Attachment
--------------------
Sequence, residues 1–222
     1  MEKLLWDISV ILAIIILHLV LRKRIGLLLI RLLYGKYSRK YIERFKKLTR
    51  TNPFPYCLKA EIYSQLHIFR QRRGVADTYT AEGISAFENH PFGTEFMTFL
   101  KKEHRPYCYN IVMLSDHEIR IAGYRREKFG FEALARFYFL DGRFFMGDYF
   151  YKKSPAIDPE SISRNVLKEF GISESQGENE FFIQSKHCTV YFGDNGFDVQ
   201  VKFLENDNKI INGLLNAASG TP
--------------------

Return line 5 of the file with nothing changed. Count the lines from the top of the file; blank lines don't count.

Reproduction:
   151  YKKSPAIDPE SISRNVLKEF GISESQGENE FFIQSKHCTV YFGDNGFDVQ